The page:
Thoracic Rotation

thoracic

Last week I worked on a golfer who came in complaining of limited thoracic rotation.

We performed a basic seated rotation test and found… no limitation at all. Curious.

Moving onto manual muscle testing, we found that his left pec major clavicular, right lat, and left external oblique were all inhibited. Things were getting stranger by the minute. This certainly suggested issues with rotation.

For the heck of it, I asked him to sit back up and re-perform the thoracic rotation test. This time he was missing about 30 degrees of rotation to the right. Significantly different.

What was dissimilar about this test than our initial evaluation?

During the initial test he had his arms folded across his chest with his hands on the opposite shoulder. This time his arms were wide out to the side.

I asked him to hug his arms across his chest again and repeat the test and sure enough, back to full range of motion.

It was officially time to put on the sleuth hat.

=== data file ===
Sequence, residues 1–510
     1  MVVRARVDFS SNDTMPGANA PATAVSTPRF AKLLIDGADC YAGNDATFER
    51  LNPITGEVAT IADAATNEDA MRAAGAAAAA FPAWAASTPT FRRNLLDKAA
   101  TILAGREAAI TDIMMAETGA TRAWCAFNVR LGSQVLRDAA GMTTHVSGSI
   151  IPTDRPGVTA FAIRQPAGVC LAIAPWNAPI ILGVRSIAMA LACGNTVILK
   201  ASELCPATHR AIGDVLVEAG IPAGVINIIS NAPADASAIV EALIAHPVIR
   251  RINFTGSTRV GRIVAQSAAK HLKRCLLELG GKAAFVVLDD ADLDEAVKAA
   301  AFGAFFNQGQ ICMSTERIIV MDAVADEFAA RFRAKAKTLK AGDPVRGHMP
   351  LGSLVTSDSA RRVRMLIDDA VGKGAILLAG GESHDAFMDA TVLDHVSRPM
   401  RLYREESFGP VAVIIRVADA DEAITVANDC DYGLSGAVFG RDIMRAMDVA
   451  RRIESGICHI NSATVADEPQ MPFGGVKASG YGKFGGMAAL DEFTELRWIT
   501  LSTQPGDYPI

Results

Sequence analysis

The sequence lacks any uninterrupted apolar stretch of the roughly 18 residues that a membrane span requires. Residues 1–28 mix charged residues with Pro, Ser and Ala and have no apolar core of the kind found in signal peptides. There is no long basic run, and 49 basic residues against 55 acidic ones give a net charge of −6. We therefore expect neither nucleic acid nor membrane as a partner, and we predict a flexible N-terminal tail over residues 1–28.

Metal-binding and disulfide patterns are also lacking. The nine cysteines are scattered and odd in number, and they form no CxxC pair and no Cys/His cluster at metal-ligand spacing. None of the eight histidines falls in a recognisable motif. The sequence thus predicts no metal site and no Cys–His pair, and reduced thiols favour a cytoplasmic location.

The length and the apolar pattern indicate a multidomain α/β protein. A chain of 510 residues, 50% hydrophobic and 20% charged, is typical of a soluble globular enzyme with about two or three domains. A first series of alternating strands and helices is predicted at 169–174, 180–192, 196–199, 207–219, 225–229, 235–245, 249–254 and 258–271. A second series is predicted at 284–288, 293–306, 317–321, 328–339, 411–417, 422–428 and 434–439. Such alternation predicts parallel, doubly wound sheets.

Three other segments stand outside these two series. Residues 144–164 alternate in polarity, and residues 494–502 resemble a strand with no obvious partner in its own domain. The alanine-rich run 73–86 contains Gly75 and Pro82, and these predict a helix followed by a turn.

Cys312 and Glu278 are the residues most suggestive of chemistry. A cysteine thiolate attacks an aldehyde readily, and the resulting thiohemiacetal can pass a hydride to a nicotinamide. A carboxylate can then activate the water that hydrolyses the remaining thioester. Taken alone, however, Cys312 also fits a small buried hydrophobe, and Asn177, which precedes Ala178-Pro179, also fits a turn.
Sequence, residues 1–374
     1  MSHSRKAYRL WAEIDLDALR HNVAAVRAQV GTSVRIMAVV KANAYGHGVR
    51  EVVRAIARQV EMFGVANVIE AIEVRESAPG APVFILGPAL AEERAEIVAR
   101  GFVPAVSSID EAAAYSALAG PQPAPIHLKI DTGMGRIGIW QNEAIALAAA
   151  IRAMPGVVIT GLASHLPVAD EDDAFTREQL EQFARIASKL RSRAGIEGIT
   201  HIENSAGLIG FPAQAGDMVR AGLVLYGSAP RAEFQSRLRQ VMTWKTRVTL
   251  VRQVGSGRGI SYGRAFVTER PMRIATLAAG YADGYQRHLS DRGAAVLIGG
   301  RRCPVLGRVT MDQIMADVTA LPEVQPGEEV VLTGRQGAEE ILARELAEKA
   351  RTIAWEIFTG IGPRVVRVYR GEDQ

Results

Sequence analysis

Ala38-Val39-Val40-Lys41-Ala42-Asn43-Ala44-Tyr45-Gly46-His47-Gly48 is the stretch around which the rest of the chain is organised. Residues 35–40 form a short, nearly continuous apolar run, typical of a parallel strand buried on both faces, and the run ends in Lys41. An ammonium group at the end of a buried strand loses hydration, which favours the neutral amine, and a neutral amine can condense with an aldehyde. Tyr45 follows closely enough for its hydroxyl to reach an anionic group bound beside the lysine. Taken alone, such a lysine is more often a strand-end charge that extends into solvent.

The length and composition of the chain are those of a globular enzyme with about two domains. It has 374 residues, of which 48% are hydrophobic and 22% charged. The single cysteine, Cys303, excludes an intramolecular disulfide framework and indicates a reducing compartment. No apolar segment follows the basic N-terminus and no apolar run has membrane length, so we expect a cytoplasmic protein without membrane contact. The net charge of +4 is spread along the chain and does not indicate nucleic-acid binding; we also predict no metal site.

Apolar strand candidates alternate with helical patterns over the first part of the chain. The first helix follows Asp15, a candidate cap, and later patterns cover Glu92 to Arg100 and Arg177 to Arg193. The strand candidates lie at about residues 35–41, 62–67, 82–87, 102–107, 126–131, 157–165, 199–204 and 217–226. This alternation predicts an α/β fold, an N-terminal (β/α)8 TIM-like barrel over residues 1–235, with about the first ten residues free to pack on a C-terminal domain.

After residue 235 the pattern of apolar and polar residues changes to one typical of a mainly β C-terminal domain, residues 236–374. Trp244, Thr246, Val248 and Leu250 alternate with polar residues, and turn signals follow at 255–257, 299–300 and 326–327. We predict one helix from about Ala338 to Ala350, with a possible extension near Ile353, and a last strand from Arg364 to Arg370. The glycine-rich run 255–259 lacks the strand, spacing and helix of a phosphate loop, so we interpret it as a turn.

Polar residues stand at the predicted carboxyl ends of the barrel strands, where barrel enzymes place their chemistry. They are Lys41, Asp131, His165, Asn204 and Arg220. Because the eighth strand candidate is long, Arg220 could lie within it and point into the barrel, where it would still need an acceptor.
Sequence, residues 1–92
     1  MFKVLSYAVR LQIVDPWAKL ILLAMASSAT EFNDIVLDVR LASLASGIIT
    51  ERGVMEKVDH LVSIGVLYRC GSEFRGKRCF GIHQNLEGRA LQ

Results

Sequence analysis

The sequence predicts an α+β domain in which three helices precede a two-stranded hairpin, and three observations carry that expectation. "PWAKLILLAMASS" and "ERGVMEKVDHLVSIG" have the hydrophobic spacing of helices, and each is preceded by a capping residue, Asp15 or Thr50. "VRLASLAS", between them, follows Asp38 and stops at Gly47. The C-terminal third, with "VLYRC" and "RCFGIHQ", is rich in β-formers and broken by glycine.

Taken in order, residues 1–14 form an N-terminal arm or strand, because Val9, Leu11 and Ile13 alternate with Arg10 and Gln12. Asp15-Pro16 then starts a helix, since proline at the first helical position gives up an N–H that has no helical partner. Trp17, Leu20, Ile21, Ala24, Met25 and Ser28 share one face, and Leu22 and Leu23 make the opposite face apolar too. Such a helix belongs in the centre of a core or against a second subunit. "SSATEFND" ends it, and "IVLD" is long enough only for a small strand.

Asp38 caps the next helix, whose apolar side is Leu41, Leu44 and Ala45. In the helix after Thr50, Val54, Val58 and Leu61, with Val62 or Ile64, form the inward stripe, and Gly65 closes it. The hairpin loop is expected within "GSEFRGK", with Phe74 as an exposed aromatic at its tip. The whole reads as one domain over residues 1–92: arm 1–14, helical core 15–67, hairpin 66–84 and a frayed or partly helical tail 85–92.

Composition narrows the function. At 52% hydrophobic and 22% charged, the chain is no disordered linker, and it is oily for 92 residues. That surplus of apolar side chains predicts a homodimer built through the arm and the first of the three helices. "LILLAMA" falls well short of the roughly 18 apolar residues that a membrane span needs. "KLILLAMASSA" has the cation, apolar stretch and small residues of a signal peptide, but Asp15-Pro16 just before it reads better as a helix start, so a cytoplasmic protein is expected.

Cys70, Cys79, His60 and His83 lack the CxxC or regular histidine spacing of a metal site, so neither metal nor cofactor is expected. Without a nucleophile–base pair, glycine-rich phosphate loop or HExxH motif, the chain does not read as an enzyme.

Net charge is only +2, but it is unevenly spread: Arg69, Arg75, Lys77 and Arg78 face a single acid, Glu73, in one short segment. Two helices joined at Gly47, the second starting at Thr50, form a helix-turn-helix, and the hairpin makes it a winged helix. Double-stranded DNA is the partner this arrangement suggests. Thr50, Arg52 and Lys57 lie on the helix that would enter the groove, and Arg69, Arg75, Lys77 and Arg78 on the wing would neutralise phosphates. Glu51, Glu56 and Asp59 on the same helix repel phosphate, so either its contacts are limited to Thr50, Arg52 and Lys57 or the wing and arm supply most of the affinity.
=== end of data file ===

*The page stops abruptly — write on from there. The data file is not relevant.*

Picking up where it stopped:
Why would these two positions produce such drastically different results?

What was being down-regulated with the arms folded across the chest?

Or up-regulated with the arms out to the side?

The answer? Dysfunctional golgi stretch receptors in the sternocostal ligaments.

With the arms hugged tightly across the chest, it was effectively unloading these ligaments and allowing him to achieve proper range of motion. With the arms wide to the side, he was increasing stimulus of these golgis, and therefore increasing the dysfunction.

When the clues are all pointing you in a different direction than your original assumptions, test, and re-test.

The body is already providing you with all the clues you need to solve nearly any dysfunction.

As a practitioner we just have to uncover them.

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